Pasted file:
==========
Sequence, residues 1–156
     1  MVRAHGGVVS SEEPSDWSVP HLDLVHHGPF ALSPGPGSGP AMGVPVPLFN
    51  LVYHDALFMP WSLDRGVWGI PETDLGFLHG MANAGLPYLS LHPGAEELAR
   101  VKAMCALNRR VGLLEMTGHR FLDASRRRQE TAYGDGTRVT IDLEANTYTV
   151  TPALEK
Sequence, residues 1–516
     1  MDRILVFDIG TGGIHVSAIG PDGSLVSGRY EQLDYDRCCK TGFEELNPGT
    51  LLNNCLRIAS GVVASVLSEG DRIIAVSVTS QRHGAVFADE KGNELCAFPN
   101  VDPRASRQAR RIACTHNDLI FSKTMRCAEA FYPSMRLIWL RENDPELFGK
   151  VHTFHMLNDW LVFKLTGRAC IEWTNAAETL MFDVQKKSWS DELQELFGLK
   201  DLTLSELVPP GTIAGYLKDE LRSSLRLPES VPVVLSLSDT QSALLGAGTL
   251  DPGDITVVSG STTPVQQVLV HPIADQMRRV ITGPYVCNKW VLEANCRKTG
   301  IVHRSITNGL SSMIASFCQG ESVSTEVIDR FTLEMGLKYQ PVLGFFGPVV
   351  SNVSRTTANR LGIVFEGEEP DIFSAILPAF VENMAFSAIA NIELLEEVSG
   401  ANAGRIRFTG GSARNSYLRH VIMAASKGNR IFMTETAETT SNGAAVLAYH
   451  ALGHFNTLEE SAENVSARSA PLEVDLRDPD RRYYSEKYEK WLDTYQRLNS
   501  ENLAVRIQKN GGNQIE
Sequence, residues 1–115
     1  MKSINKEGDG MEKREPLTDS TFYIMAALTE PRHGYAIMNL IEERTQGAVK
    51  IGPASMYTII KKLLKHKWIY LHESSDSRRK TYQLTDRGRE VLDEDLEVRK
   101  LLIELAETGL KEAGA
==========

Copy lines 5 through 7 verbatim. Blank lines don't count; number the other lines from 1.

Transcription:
   151  TPALEK
Sequence, residues 1–516
     1  MDRILVFDIG TGGIHVSAIG PDGSLVSGRY EQLDYDRCCK TGFEELNPGT